After finishing my collegiate athletic career and moving on to my first college coaching position I was eager to take on the new challenges that come with being a coach that I had not yet experienced from a player perspective. Recruiting was a part of the job that I was particularly eager to participate in. As I applied and interviewed for coaching positions a crucial question I asked was, “as a graduate assistant, will I be active in the recruiting process?” Rachel Smith, the inaugural head coach at DeSales University responded with exactly what I needed to hear to know that DSU was the place I wanted to be. She was excited to add me to her coaching staff and get me started watching, finding, and communicating with current and new prospective student-athletes.
I was familiar with some of the recruiting process as a collegiate player aspiring to coach. I worked with my college head coach to meet with, tour, and host recruits looking to join our program. As an assistant coach I was able to take on more of the process from start to finish. However, I soon found that the biggest struggle came when recruits “ghosted” me. Why did this happen? What could I do to change it?
I use the term “ghosting” to exemplify the action from recruits who suddenly cease contact, leave emails and texts unread, and calls unanswered. Today, “ghosting” is a term commonly used in relationships when one partner stops all communication suddenly, without warning. As coaches we have a relationship with each recruit and when ghosted, find ourselves at a loss. Something I question is why recruits today find it ok to cease all communication suddenly with no warning? With today’s recruiting mainly done using technology; texts, emails, phone calls, etc. does the lack of face to face contact create a culture that leaves recruits feeling that ghosting is the norm and ok? This action seems to display the inability to handle conflict and face uncomfortable situations. The biggest example is a recruit deciding on a school that may not be ours. It is part of the job, we understand, and expect that not all recruits will find us the perfect fit for their needs. What we do hope is that they let us know. As coaches, we all take the time and make large efforts to maintain relationships with all of our recruits. The least we would like to receive is an email, text, or call to let us know; seeing or hearing the news from other outside sources is not ideal.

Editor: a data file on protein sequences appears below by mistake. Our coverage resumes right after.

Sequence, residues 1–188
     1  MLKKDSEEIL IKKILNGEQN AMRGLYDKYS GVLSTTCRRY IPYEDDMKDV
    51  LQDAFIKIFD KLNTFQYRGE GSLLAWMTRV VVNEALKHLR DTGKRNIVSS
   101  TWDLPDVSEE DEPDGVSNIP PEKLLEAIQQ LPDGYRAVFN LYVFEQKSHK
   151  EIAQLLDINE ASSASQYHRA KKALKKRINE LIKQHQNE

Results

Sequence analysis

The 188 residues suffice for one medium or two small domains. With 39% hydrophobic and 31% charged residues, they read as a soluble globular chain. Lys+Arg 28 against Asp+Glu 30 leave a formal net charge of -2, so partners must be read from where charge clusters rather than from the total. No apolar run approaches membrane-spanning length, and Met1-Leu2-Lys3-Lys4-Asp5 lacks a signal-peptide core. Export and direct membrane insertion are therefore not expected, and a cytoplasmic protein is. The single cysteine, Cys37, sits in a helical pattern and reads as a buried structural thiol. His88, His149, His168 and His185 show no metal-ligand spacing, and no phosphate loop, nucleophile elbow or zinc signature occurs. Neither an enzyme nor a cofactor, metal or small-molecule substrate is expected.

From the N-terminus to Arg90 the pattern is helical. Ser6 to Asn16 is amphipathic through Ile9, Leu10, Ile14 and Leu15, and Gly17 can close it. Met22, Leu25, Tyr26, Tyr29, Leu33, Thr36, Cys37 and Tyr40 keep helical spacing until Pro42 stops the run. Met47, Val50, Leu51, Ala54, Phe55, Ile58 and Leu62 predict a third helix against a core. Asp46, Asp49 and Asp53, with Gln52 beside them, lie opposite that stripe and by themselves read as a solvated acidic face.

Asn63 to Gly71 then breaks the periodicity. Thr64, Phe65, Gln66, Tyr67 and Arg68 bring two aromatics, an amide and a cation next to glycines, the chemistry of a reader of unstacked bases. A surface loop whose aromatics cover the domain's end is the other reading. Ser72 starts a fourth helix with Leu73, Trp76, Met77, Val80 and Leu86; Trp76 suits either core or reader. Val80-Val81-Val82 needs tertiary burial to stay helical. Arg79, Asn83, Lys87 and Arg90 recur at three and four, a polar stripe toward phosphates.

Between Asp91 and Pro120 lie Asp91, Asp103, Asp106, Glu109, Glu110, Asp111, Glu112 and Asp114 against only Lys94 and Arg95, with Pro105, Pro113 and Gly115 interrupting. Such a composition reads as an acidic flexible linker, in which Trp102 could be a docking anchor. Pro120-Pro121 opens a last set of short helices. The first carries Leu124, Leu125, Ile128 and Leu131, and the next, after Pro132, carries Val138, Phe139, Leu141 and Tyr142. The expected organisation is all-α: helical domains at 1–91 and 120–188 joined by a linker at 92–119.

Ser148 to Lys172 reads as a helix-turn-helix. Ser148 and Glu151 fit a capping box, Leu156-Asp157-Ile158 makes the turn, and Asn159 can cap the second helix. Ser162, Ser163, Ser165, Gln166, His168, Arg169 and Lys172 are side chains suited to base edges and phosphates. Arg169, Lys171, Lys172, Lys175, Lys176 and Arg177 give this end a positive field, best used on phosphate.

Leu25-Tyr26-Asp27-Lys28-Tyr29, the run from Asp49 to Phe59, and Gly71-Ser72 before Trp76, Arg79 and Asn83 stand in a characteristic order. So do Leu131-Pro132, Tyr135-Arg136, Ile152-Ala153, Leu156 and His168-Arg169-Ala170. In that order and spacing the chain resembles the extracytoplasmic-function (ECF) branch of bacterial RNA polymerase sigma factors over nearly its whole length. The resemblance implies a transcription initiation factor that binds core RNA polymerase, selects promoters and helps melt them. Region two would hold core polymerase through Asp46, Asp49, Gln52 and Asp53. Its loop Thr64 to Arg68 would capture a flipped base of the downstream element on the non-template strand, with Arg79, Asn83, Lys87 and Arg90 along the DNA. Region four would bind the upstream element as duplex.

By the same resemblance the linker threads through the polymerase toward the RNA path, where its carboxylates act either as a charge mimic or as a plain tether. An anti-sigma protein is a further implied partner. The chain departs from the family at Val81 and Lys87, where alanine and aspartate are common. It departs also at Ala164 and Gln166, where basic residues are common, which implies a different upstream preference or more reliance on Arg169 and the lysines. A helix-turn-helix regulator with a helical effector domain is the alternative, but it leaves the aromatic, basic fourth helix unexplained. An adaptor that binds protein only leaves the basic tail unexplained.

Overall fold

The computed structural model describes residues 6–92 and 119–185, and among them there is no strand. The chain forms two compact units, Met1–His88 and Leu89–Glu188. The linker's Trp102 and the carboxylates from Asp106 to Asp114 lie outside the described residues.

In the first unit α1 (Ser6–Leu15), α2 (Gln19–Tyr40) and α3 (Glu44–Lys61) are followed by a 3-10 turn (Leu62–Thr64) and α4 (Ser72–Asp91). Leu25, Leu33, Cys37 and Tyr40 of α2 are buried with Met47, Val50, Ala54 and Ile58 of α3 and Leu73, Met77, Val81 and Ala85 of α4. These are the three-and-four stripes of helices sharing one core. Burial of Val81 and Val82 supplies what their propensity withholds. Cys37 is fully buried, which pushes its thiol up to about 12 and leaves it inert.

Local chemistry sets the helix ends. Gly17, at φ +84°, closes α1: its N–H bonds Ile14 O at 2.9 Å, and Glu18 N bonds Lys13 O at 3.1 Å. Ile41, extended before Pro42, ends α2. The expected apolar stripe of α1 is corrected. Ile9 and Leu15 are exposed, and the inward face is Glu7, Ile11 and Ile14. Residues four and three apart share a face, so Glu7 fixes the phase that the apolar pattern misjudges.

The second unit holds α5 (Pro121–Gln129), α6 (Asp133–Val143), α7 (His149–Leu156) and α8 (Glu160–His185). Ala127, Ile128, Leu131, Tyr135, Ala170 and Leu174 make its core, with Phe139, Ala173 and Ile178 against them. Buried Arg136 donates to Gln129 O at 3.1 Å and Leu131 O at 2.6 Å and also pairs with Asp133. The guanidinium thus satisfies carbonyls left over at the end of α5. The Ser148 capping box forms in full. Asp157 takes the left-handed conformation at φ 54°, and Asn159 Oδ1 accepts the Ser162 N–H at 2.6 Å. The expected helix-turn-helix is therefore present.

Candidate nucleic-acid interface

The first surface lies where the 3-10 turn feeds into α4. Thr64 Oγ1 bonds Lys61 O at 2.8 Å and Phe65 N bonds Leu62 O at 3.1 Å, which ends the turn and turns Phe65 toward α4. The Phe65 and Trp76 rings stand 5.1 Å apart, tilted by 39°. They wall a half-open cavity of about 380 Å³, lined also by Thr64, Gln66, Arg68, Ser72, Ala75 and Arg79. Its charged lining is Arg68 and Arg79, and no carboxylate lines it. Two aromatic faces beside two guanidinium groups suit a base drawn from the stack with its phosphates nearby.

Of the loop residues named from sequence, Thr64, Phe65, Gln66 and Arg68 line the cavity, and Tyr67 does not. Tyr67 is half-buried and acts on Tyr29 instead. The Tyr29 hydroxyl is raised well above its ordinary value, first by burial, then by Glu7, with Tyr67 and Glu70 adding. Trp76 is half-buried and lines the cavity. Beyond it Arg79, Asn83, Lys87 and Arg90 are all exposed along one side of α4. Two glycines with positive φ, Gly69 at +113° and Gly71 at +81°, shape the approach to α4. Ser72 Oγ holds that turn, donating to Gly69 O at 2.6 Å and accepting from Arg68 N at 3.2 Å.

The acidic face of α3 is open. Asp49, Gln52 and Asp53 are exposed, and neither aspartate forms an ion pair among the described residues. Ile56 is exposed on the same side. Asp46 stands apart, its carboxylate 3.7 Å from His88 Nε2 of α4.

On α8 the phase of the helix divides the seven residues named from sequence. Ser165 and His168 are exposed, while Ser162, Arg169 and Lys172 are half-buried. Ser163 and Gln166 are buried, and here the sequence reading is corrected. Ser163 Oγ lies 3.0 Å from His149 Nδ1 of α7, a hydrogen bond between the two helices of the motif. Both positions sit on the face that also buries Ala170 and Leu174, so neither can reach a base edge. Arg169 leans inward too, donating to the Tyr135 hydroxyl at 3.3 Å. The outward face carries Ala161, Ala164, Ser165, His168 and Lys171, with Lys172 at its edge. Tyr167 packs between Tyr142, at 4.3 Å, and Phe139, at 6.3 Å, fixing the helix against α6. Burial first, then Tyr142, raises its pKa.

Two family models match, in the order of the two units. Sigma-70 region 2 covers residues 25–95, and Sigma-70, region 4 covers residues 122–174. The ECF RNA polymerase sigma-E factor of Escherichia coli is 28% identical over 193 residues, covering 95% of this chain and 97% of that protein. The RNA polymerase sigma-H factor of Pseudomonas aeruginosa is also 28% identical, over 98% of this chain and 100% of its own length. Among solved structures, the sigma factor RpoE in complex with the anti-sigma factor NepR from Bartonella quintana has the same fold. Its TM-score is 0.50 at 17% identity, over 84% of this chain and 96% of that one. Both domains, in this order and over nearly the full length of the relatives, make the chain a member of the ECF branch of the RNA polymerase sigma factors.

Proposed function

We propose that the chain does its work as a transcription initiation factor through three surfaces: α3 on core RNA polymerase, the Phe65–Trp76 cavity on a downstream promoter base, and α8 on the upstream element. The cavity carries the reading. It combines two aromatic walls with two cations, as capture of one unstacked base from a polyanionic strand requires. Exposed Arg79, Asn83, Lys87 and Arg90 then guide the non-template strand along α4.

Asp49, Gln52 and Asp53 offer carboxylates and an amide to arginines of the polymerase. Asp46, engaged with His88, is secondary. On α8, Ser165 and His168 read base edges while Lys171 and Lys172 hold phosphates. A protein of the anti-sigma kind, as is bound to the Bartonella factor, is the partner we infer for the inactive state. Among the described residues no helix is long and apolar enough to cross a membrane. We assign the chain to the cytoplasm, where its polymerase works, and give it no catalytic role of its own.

Do recruits think we are scary? We won’t bite (at least not most of us!). Those prospective players that call or email and are open with us about their process and decisions are the ones we all want to add to our programs as coaches. These are the well-rounded individuals we seek out. I can recall my own recruiting process being difficult and there were plenty unknowns. I had little guidance from my high school and club coaches at the time, which is now unusual with today’s club programs, however I still recall alerting all the coaches I was in contact with of my decision while thanking them for all that they did for me. Some were kind and wished me luck on my endeavors while others were more upset and didn’t hide it. This was difficult, but it was a life lesson.
My hope is that coaches and parents guide recruits to avoid the ghosting route and instead be upfront and honest. Technology is the future and will continue to be the way in which coaches and prospective student-athletes communicate. Not all conversations will be easy, however it doesn’t mean that they can be ignored. The hard conversations are the ones that will shape a student-athlete and prepare them for the future not just on the field but off it too.